The Angels have consistently been one of the lower-ranked farm systems since Mike Trout debuted in 2011. They’ve struggled developing talent. The pitching they’ve developed has consistently underperformed and hitters haven’t done much better. Their biggest position prospect of the mid-10s, Kaleb Cowart, is now working as a two-way player in Triple-A and struggling mightily. Fortunately, the scouting department has found some diamonds in the rough, especially at the top end of the draft. Guys like Jo Adell, Brandon Marsh, and Jordyn Adams have a shot at becoming a part of the Angels next window of contention. Pitching depth has been reinforced too with the development of Griffin Canning and Jose Suarez. Both pitchers made their MLB debuts this season. Grade: C

Minnesota Twins

The top team in the AL central underwent a complete makeover top-to-bottom when Derek Falvey and Thad Levine took over the organization after the 2016 season. The Twins scouting and player development departments have had tremendous turnover. The turnover has also brought changes to how their upper-level prospects prepare for the big leagues. Prior to the 2017 season, upper-level prospects, like Jose Berrios, didn’t use MLB balls during bullpens like the other 29 organizations had their upper level pitchers doing, which caused their prospects to struggle as they debuted in the big leagues. In recent years, the Twins have done better developing hitting prospects. Currently, the farm system is heavy with hitting and given the recent track record, the organization will be successful developing it. Grade: B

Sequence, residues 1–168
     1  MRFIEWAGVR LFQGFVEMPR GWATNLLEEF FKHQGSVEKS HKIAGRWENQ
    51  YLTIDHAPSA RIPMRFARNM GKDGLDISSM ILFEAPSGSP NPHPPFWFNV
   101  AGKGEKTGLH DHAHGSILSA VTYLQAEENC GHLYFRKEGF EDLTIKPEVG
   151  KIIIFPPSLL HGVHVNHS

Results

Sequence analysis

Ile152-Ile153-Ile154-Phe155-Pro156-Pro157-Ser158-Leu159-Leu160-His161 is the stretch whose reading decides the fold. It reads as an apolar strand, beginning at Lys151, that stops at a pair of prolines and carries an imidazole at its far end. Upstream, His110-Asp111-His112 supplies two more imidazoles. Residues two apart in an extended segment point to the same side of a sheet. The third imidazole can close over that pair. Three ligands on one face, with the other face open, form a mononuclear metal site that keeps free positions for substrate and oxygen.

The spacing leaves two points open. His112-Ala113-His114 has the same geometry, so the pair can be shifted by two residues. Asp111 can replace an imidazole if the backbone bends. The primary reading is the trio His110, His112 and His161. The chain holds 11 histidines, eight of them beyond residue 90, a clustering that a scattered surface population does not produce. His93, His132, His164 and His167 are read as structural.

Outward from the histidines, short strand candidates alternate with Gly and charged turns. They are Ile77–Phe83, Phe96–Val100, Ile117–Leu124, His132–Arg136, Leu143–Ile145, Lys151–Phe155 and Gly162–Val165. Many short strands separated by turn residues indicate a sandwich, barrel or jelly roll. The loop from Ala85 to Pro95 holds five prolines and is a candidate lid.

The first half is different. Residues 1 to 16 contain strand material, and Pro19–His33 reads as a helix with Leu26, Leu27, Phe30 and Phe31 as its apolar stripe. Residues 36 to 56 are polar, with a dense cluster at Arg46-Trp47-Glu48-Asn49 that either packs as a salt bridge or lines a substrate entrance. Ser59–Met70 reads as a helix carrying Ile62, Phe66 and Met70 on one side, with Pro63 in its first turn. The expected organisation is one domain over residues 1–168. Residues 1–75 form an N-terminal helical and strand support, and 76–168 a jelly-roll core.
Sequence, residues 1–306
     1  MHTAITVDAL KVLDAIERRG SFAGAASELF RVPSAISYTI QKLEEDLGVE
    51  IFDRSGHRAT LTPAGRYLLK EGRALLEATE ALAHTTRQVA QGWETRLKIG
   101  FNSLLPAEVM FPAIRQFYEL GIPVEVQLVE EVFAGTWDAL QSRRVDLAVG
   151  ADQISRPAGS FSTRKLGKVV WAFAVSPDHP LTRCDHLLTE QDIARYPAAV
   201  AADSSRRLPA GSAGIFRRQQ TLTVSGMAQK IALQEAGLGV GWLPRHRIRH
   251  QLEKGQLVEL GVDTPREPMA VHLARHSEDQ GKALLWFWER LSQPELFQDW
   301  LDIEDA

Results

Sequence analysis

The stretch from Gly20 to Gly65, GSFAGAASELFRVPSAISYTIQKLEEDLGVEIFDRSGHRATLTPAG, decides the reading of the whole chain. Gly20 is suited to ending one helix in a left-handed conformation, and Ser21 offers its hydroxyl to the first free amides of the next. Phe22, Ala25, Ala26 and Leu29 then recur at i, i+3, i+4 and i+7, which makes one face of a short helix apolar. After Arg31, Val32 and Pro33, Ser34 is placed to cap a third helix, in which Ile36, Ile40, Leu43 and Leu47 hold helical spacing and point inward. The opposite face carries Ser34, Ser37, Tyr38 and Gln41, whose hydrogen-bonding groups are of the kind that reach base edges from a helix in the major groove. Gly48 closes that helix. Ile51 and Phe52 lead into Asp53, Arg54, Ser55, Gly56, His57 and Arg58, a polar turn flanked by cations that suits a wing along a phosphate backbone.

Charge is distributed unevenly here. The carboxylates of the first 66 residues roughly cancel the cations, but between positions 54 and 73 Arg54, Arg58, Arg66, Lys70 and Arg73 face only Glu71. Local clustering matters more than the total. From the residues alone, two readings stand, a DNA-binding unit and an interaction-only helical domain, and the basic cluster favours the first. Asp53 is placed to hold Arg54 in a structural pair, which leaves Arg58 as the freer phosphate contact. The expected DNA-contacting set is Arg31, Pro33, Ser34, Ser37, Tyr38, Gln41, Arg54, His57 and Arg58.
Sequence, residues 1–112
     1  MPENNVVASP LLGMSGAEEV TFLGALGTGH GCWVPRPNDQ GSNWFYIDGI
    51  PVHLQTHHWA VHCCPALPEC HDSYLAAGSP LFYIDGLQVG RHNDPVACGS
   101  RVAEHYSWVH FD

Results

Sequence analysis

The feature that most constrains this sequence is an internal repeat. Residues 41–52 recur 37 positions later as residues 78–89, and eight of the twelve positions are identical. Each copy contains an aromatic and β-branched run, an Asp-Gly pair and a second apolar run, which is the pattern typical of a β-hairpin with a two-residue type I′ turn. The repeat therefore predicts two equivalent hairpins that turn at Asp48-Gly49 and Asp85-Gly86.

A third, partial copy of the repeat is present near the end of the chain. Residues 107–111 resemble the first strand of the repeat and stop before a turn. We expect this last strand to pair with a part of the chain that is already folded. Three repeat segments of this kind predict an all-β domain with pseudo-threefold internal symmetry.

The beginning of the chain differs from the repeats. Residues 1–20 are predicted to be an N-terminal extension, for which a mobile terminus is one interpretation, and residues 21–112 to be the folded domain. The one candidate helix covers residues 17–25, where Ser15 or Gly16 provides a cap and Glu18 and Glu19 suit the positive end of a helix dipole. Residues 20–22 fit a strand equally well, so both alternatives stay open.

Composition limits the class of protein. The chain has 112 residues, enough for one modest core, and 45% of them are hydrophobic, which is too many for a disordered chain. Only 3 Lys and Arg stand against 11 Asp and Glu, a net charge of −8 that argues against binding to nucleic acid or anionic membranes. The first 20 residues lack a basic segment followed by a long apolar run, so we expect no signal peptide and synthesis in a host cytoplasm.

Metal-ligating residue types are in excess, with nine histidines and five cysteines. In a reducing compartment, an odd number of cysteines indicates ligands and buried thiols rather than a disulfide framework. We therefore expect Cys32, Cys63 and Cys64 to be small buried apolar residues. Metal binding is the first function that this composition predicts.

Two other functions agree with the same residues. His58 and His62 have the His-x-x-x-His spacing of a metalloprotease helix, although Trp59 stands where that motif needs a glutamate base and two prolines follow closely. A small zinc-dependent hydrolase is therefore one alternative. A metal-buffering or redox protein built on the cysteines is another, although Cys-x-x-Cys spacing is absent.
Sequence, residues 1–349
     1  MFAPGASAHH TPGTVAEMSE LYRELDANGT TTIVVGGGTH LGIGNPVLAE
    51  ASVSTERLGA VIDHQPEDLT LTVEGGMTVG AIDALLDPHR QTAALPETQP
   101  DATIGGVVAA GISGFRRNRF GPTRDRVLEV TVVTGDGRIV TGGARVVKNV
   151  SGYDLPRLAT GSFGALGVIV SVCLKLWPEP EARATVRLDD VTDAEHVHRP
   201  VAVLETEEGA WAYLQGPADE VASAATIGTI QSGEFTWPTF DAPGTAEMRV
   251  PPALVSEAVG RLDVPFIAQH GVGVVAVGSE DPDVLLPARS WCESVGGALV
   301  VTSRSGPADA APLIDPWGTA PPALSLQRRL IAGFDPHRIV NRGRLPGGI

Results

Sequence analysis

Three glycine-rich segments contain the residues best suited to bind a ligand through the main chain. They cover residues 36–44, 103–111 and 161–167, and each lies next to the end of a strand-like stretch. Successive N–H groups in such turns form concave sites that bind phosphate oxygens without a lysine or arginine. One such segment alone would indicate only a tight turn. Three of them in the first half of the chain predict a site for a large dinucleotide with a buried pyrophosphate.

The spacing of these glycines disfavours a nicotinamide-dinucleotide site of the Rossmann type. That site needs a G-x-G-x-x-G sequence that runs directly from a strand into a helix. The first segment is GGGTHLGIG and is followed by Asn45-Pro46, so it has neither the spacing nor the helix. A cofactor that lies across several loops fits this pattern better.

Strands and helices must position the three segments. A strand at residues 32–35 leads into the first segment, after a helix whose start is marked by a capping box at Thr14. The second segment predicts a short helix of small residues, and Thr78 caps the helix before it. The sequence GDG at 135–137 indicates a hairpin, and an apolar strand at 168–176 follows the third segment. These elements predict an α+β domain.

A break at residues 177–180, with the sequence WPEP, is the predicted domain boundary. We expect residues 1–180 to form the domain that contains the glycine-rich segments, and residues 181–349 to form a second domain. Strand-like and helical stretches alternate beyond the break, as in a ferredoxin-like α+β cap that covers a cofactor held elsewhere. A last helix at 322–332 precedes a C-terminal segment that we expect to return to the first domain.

New York Yankees

The Yankees are always a favorite organization to cover because, as an evaluator, you know you’ll see one or two arms no one is talking about on their lower minor teams. They have an absolute glut of pitching talent. Their scouting success is spread between all three scouting departments (amateur, international, and pro). One of their recent pro scouting successes was picking up a “pop up” guy, Luis Gil, in a trade for Jake Cave last season. Gil is killing it in A-Ball, while Cave has struggled this season, split between Triple-A and the Big Leagues. The Yankees haven’t just had pitching success in scouting, but in player development too. Luis Severino is the big name they’ve developed recently. It took a while, but Domingo German has developed into a reliable starter. They also developed breakout Marlins starter Caleb Smith too. Aside from pitching, they have a solid track record developing hitting, too. Overall, a top five organization. Grade: A